Other issues, she said, stem from loss of a luxury of flexible scheduling and the symbolism of being exempt.

“I don’t know that all of the people currently classified as exempt are going to appreciate [being hourly]because a lot of people [who]are exempt see that as a form of status,” Pratt said.

Some companies might also have a hard time affording salary bumps or paying overtime if they do not reduce the number of hours exempt employees work in excess of 40 hours.

“I think anything that makes the change a little less drastic is probably better because drastic changes are just hard to digest in the workplace and in the marketplace,” Troutman said.

The rule does not include an exemption for small businesses or nonprofits. On the national scale, the National Retail Federation estimates the overtime changes would cost restaurants and retailers between $5 billion and $9 billion per year.

The DOL interviewed employer stakeholders before announcing the new eligibility threshold. In the report, some stakeholders said many employees value the time flexibility that comes with a salaried position.

The DOL reported one of the original intentions of implementing overtime pay is so employers hire more workers rather than requiring existing employees to work more hours.

The other intention is to prevent employees from being overworked and having negative health effects.

“If [employers]think that paying time and a half for overtime is too expensive, the answer is don’t do it. Don’t work people long hours,” Eisenbrey said. “It’s bad for their families; it’s bad for their productivity; it’s bad for their health. It’s a bad idea.”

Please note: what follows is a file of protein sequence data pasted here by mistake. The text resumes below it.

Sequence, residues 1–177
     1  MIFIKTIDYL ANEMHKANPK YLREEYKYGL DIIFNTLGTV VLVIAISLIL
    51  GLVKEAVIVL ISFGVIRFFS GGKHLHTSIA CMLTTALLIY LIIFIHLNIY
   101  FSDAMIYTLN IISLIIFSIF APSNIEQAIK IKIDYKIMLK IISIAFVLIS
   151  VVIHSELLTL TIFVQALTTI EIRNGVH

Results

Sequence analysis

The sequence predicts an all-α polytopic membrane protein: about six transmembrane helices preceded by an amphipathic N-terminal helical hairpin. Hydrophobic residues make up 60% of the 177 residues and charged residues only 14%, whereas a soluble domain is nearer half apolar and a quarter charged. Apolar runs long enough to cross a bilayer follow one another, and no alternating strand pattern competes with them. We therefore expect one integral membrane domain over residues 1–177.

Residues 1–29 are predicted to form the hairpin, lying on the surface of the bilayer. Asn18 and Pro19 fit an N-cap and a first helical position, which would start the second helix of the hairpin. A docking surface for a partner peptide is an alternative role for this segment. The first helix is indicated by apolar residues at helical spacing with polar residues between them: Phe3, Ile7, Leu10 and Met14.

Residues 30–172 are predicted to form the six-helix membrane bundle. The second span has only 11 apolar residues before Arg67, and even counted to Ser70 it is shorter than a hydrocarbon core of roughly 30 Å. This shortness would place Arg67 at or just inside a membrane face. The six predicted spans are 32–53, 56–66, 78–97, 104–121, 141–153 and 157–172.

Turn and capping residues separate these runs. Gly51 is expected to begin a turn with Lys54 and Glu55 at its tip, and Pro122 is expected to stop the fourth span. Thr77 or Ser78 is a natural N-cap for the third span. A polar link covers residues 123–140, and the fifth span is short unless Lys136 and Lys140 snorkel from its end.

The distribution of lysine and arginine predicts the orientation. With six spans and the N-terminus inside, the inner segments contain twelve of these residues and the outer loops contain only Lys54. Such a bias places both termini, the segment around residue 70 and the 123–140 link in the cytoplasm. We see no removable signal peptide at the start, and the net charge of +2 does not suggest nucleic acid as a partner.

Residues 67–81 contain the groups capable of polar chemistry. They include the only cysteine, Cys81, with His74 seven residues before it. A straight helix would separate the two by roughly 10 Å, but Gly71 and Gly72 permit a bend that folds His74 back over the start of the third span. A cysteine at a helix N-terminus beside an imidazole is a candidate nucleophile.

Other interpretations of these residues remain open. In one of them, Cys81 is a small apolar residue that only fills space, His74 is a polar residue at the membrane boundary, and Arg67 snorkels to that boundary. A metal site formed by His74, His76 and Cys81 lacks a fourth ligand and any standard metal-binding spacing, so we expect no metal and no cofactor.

In 2014, Obama signed a presidential memorandum directing the DOL to update its regulations that define which white collar workers are protected under the Fair Labor Standards Act’s overtime rules. The FLSA, which was passed in 1938, establishes overtime and minimum wage standards.

In response to the memorandum, the DOL sought to modernize and simplify its regulations.

“The basic rule [under the act]is that everybody is entitled to overtime,” Eisenbrey said. “The policy is that people shouldn’t work more than 40 hours a week. If they work over 40 hours a week, they should be paid extra. That discourages employers from working people long hours because they do have to pay extra.”

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Lindsey Juarez
Lindsey has been involved in newspapers in some form since high school. She graduated magna cum laude from the University of Texas at Arlington in 2014 with a degree in Journalism. While attending UTA, she worked for The Shorthorn, the university's award-winning student newspaper. She was hired as Community Impact Newspaper's first Frisco reporter in 2014. Less than a year later, she took over as the editor of the Frisco edition. Since then, she has covered a variety of topics and issues important to the community, including the city's affordable housing shortage, the state's controversial A-F school accountability system and the city's "Bury the Lines" efforts.